School closures and lockdowns are the only interventions that reduced spread of COVID-19 in U.S. states, study finds. Limiting public events to fewer than 100 people had no effect. No state had an estimated Rt below 1.0 before lockdown, but 29 states reached an Rt below 1.0 after lockdown.

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One thing about this study is that it lumps a whole lot of measures under “lockdown”, which can actually be a very different policy in different jurisdictions. So it’s not really a good way to quantify the relative effect of closing different kinds of businesses (e.g. bookstores vs. restaurants) or the effect of other policies that might be included in lockdown, like mask mandates. It seems to me that it might be better, instead of a second lockdown, to target the high-risk situations (e.g. indoor dining and indoor social gatherings) that we now think, based on other data, are the main reasons that lockdowns work. It may also be that a lockdown is more effective for psychological reasons. The government doesn’t have good direct control over private indoor gatherings, and it may be that the word “lockdown” scares some people out of doing them. Nonetheless, I feel like it should be possible to term restrictions a “lockdown” without closing low-risk businesses like bookstores. I do also want to note that the study doesn’t show that the other measures are not effective at all. It just couldn’t show a statistically significant effect from them. So it’s possible that they do work a little bit. The most important conclusion I drew is that they are not sufficient on their own to contain the disease.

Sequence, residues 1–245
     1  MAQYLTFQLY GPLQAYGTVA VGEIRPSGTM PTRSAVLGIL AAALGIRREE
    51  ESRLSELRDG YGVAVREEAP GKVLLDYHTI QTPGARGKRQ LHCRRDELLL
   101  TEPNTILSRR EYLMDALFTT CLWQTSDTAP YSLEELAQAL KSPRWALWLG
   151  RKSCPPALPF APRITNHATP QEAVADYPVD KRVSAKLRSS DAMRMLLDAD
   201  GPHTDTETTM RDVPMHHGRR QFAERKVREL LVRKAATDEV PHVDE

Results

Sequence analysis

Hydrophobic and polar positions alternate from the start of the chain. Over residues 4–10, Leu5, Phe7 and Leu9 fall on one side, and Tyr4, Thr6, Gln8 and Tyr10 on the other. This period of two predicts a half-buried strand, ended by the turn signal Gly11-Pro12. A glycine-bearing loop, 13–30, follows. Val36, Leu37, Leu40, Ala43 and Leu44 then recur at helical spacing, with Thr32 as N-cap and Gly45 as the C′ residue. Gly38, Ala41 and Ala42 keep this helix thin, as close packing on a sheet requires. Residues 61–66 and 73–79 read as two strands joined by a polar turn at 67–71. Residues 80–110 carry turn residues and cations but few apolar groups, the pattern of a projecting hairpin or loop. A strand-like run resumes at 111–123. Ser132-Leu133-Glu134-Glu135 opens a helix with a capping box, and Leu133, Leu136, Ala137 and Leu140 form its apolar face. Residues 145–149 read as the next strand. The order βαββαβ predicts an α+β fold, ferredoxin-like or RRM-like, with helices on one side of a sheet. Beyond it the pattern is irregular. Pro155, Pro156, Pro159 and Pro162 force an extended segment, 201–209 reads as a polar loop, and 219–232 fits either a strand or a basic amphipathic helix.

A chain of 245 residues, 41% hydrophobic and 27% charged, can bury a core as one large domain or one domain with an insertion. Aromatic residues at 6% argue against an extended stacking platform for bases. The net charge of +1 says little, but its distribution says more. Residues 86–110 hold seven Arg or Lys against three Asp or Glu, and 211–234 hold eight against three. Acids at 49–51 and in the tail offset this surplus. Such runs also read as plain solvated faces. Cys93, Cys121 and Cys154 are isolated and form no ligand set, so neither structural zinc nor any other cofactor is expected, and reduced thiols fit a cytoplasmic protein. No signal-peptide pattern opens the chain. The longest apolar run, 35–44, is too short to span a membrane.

The data this model is based on are from Feb 29 to April 25 when the outbreak was primarily localized in the North East. The number of deaths is on the order of 100 for only a handful of states, with the vast majority having single digits. This was at the beginning of our recognition of the virus, and doesn’t necessarily tell us how these interventions fare after the virus has been more widespread. Also, from a public policy standpoint, and to the author’s credit, they recognize this: > Second, the assumption that interventions are binary, instantaneous, and non-harmful are strong assumptions and oversimplifications that do not account for time-varying compliance with intervention or unintended consequences.


Note, this paper only looks at the “various social distancing interventions” attempted by various governments, not other things like mask wearing. Wear a mask. For such a cheap, simple, and widely-available thing, it’s incredibly effective.


It’s strange that we are reluctant to admit that large groups congregating, such as in schools, contributes to the spread of a virus. At some point, we should consider basing our approach on facts, rather than incorporating layman speculation into the solution. Eventually, we’ll be forced to do so, doing it early will save lives.


Why are we forcing schools to open so close to a readily available vaccine? Teachers under 50 just got pushed way back down the line for vaccines too.